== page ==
The Best Method For Watering Marigolds

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The Best Method For Watering Marigolds

The Best Method For Watering Marigolds

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As a young or beginner gardener, you’d be hard-pressed to find a plant more adept at cultivating confidence than vibrant marigolds. Celebrated as one of the fastest and easiest flowering shrubs to grow, marigolds’ hardy nature can cleverly convince anyone they have a green thumb. Unfortunately, the cheerful yellow and orange blooms aren’t indestructible. If marigolds are robbed of adequate hydration, the entire plant will turn brown and die, as will, perhaps, the certitude that you possess the gift to garden. To avoid this tragic turn in self-assurance, simply employ the best method for watering marigolds, which combines proper timing, amount, and placement.

Just looking at the fluffy layers of ruffled petals that form marigolds’ pom-pom flowerheads is enough to bring unlimited joy to a homeowner. But, let’s be honest, the fact that they’re so low-maintenance is a bonus not lost on gardeners regardless of skill level. Whether you’re growing the gold blossoms in a container, vegetable garden, or along the perimeter of your yard as ornamental landscaping, their unfussy disposition is just one of the many benefits of planting marigolds. Ensuring they continue to thrive requires little more than access to full sunshine and regular watering. But don’t be lulled into complacency when it comes to this uncomplicated upkeep. Given the significance of accurate irrigation, you’ll want to make sure that when you do water marigolds, you’re doing so correctly.

Timing and quantity are key

Gardener planting marigolds in soil

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How hard can it be to water a plant? Especially ones that are drought-resistant and heat-tolerant like marigolds. The answer isn’t as straightforward as you may think. Watering may seem like a simple task, but its success requires a combination of art and science. For example, young marigolds need to be watered more frequently than established ones to properly moisten the soil and initiate a healthy root system.

When crafting a watering schedule for recently planted marigolds, aim to hydrate once every two days to keep the soil slightly saturated. Continue this routine for one to two weeks, then taper to once every two weeks. The exact frequency will depend on how hot it is. In periods of intense heat, water marigolds every other day, paying close attention to the level of moisture in the plant’s soil. If you notice dryness in the top one-half inch of soil, it’s time to give your marigolds a drink. To maximize moisture, time the pour for mornings and evenings when the temperatures are cooler, thereby slowing the rate of evaporation.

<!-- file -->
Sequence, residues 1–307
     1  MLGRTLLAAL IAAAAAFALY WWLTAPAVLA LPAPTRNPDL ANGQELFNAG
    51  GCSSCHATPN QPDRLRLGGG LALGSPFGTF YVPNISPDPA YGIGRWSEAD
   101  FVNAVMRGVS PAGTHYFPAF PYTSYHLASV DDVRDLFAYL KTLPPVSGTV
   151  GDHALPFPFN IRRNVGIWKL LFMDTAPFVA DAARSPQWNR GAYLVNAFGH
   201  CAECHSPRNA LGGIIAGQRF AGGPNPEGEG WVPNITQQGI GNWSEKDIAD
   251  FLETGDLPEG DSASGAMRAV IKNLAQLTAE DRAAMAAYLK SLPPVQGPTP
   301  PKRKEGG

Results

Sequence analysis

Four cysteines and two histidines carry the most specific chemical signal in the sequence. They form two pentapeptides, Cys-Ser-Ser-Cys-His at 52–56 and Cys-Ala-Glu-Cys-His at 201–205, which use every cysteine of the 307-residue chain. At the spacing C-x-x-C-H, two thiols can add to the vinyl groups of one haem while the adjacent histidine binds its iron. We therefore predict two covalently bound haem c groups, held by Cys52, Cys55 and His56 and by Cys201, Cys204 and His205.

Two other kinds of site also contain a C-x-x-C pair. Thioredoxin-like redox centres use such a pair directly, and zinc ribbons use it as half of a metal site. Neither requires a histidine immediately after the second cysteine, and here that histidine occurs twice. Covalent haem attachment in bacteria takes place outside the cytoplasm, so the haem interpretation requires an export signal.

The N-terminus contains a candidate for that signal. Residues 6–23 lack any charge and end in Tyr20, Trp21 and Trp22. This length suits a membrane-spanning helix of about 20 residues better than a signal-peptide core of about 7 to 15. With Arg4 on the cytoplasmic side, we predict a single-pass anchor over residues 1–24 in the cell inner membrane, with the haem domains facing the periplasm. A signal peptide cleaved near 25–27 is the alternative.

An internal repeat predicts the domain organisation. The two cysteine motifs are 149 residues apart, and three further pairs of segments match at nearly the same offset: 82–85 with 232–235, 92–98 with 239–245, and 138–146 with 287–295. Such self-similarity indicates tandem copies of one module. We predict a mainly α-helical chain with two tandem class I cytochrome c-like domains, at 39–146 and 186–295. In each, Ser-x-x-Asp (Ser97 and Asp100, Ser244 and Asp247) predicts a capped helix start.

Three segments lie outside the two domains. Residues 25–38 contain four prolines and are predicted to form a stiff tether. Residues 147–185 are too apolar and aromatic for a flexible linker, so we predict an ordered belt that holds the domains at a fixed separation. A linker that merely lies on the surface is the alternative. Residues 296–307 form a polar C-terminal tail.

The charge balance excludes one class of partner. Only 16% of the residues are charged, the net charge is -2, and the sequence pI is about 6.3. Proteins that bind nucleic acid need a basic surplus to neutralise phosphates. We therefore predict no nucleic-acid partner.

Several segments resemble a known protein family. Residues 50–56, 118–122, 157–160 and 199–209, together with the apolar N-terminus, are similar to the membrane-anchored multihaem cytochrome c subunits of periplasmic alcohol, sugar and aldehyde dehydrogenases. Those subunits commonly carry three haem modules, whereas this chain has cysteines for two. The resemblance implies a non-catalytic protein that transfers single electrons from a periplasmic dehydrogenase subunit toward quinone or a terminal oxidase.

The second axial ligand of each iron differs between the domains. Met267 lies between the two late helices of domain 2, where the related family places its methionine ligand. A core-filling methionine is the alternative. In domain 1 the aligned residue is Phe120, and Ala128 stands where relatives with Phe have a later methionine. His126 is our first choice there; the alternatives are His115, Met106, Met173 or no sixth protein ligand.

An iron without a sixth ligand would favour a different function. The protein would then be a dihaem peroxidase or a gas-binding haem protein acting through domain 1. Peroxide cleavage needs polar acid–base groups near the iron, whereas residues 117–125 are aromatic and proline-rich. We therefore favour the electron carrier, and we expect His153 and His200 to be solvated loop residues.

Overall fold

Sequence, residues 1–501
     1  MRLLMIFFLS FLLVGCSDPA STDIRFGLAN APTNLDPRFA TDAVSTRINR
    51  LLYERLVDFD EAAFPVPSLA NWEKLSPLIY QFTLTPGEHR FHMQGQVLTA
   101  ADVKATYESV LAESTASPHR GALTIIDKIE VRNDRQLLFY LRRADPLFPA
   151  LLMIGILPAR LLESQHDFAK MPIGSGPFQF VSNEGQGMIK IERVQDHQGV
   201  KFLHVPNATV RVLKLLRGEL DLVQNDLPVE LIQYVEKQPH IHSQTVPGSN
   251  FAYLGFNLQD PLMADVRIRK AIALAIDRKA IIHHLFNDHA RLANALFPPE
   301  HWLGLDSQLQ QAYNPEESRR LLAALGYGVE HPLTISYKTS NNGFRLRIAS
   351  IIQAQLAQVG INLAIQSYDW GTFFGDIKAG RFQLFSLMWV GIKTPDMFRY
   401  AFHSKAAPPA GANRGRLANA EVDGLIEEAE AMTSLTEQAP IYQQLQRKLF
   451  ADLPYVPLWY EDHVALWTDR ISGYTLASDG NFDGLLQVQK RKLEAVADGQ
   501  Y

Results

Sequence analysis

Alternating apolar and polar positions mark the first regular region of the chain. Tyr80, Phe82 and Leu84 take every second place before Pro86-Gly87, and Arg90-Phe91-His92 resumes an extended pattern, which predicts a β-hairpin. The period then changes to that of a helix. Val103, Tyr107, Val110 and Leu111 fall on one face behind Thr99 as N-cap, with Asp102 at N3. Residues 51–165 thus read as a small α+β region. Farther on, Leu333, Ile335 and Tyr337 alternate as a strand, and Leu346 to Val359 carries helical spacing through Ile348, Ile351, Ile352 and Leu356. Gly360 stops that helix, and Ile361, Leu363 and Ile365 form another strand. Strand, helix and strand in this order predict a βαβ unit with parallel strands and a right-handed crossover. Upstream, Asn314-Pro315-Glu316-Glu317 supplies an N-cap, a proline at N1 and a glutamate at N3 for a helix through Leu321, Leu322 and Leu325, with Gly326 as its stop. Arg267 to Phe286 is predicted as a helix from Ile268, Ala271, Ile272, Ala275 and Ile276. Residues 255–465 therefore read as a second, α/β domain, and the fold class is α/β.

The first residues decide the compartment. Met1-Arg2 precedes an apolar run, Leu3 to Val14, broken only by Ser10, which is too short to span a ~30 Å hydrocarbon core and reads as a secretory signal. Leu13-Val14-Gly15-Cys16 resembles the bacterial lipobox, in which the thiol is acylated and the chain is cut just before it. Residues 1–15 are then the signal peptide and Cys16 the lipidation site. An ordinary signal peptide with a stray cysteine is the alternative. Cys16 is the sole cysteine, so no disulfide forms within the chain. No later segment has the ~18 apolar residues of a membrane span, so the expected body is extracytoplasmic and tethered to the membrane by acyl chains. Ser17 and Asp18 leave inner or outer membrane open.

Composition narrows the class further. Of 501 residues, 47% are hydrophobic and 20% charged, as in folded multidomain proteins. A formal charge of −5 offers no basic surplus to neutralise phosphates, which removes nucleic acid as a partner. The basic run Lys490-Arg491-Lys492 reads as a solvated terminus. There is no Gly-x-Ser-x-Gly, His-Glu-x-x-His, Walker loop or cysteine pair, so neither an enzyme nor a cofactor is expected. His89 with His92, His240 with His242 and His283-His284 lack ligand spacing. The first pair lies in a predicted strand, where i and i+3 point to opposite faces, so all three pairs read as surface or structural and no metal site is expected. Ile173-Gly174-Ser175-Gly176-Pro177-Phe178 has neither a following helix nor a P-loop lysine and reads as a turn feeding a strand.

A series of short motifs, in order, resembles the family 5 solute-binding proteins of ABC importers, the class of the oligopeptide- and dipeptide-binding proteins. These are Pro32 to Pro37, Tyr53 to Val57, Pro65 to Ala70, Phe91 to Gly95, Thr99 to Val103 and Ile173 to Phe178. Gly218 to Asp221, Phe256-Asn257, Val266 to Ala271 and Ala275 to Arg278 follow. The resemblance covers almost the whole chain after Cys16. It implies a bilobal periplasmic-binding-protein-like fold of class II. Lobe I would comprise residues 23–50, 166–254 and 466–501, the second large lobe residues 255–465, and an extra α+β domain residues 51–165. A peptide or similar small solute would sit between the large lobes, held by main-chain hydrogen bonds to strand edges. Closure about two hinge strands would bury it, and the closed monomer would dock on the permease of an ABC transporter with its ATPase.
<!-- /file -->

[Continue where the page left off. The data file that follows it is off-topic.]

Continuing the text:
Generally, marigolds need between 1.5 to 2 inches of water per week. Err on the higher side for potted marigolds. Planted versions won’t need the full 2 inches as natural groundwater acts as a supplemental source of hydration. Bottom line: common sense rules. If it’s been raining for days, water less. Conversely, if the weather has been extremely dry, water more, but don’t exceed 3 inches per week.

Water at the root

watering marigold in pot

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Whether your marigolds are growing in a pot, container, or in the ground, avoid watering them from above; rather, aim for the roots. Since marigolds obtain hydration through the soil, giving them a good soak at the base will ensure water is absorbed by the roots and then travel through the stems to the leaves. What’s more, dousing marigolds from above can cause water to cascade down, covering leaves and flowers. In some cases, allowing a layer of water to coat foliage can lead to harmful fungal diseases.

To avoid damaging marigolds in the watering process, use a soaker hose for planted blooms and a watering can for potted varieties. In either case, it’s imperative to aim the device toward the base of the plant and drench the soil. Just don’t go overboard. Ideally, the soil should be moist, not waterlogged. Overwatering marigolds can lead to root rot, which could eventually kill the entire plant. You can prevent this by listening to your marigolds. They will communicate when they’ve had too much to drink via drooping blooms, yellowing leaves, and growing fungus on lower stems. When in doubt, allow the soil to dry out between each watering period.

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Dr Heidi Parkes

By Dr Heidi Parkes

Senior Information Extension Officer QLD Dept of Agriculture & Fisheries.